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Laboratory diagnosis of giardiasis

Giardia intestinalis (lamblia)


Basic guidelines
A. Multiple stool samples (at least 3) should be tested before a negative result is reported.
B. To maximize recovery of cysts, stool samples in formalin should be concentrated prior to
microscopic examination (e.g., 10 min at 500 g when using the formalin-ethyl acetate
concentration procedure). Exception: Specimens to be used for EIA or rapid cartridge
assays should NOT be concentrated because antigens are lost during the procedure!
C. Choice of diagnostic techniques depends on available equipment and reagents, experience, and considerations of time and cost.

1. Wet mount
In bright-field microscopy, cysts appear ovoid to ellipsoid in shape and usually measure 11 to 14 m
(range: 8 to 19 m). Nuclei, 4 in mature cysts and 2 in immature cysts, and intracytoplasmic fibrils are
visible.

Unstained cyst

Cyst stained with iodine

Cyst stained with iodine

2. Trichrome stain
Trophozoites appear as pear-shaped organisms, measuring 12 to 15 m (range: 10 to 20 m). Trophozoites contain two anteriorly placed nuclei and 8 flagella (rarely seen because they stain poorly). Cysts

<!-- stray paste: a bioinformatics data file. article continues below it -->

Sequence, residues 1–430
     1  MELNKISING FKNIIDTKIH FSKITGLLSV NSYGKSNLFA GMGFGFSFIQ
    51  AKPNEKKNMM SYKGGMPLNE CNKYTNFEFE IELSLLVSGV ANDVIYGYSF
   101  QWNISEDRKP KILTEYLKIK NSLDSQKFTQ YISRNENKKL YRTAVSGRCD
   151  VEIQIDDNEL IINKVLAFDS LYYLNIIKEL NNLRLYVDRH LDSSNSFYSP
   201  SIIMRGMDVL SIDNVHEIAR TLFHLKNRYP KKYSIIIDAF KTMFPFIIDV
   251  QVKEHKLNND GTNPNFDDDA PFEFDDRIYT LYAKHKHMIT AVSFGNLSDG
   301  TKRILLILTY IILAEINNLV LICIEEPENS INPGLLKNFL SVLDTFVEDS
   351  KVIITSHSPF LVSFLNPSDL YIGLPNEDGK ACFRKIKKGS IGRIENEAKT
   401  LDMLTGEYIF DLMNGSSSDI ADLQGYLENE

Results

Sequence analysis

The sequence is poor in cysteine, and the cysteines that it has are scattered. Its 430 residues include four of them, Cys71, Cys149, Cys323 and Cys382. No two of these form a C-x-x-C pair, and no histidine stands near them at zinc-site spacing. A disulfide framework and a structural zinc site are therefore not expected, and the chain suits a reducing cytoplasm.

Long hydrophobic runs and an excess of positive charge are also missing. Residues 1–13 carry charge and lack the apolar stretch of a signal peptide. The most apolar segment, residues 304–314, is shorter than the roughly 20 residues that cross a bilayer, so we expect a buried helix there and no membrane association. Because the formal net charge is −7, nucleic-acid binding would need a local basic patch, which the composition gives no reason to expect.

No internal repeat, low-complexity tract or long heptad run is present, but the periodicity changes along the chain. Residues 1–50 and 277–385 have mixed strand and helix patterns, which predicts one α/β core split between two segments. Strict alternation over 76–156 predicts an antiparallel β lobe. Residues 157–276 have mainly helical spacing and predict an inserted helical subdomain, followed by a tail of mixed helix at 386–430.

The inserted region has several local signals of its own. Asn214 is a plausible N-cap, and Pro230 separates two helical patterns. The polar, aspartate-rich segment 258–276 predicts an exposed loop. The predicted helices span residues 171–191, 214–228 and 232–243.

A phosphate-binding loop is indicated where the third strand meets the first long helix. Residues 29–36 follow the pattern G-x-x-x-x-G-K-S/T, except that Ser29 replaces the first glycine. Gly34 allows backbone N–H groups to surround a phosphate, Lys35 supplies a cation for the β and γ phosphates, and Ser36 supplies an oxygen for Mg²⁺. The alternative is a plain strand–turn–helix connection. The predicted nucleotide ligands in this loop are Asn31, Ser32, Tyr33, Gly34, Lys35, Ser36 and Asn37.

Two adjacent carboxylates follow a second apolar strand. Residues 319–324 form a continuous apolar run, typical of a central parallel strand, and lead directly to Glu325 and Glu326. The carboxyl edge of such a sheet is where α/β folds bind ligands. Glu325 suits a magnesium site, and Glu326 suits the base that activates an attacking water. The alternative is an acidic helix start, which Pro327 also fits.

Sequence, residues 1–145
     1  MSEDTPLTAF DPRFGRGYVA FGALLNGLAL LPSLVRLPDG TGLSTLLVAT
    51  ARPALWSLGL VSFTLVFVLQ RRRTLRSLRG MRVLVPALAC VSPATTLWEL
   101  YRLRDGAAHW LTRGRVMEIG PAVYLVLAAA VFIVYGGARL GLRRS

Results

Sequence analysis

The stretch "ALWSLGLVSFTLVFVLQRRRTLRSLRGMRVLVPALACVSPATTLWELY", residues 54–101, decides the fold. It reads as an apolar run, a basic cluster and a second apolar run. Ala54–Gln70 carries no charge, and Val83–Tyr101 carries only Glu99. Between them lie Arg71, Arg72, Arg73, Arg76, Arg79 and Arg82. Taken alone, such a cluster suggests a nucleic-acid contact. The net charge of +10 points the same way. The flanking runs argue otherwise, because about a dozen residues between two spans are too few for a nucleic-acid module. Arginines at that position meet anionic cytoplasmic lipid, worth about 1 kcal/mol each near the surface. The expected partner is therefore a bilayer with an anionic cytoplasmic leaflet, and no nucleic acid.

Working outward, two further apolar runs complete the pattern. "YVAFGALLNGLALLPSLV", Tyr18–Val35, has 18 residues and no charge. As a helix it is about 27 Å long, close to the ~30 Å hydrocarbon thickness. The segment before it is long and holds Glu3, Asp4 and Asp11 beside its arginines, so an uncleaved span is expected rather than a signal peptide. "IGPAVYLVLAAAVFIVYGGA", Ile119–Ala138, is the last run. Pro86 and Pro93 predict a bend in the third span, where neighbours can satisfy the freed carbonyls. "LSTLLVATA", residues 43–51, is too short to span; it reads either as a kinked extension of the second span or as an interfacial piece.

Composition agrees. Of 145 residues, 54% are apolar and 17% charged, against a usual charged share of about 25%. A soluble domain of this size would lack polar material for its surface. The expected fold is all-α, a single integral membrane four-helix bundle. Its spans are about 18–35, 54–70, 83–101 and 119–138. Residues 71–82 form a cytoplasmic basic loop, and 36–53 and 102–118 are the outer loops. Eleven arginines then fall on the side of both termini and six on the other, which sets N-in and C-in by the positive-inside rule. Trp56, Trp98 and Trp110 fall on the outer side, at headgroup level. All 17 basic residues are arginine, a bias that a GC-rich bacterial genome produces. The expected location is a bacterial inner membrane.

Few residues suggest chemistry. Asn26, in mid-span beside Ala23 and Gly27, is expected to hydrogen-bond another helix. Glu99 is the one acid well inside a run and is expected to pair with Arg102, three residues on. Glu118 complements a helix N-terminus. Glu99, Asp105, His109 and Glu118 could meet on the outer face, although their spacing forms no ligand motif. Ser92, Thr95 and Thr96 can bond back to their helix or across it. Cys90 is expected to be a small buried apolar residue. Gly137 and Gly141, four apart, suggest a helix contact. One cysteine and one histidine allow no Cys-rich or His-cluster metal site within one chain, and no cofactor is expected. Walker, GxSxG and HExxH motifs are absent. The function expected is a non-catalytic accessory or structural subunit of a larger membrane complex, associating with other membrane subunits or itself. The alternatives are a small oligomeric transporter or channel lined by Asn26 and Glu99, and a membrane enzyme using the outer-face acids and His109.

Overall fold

appear ovoid to ellipsoid in shape. Nuclei and intracytoplasmic fibrils are visible.

Trophozoite stained with


trichrome

Dividing trophozoite stained


with trichrome

Cyst stained with trichrome

Laboratory diagnosis of giardiasis

3. Direct fluorescent antibody (DFA) assay


This technique offers the highest combination of sensitivity and
specificity and is considered the gold standard by many laboratories. For commercial DFA kits, it is recommended that a concentrated stool specimen be used to increase the probability of detection of low numbers of cysts. However, special equipment
(fluorescence microscope) and commercially available test kits are
required and it does not provide a permanently stained slide that
can be archived.
Giardia intestinalis labeled with immunofluorescent antibodies

4. Enzyme immunoassay (EIA)


The EIA does not rely on microscopy and is useful for screening large numbers of specimens. Borderline positives and questionable negatives obtained with this technique should be further confirmed by
DFA. Antigens of Giardia are detected in the feces using this method; therefore, specimens should not
be concentrated prior to testing. However, special equipment (microplate reader) and commercially
available test kits are required.
5. Rapid immunochromatographic cartridge assays
The rapid cartridge assays may be used with preserved specimens and are quick and easy to perform. Antigens of Giardia are detected in the feces using this method; therefore, specimens should not
be concentrated prior to testing. Borderline positives and questionable negatives obtained with this
technique should be further confirmed by DFA. No special equipment is needed.

The quality of reagents in commercially available kits may be variable or deteriorate under storage conditions;
for that reason external controls are necessary to determine whether the kit is properly performing.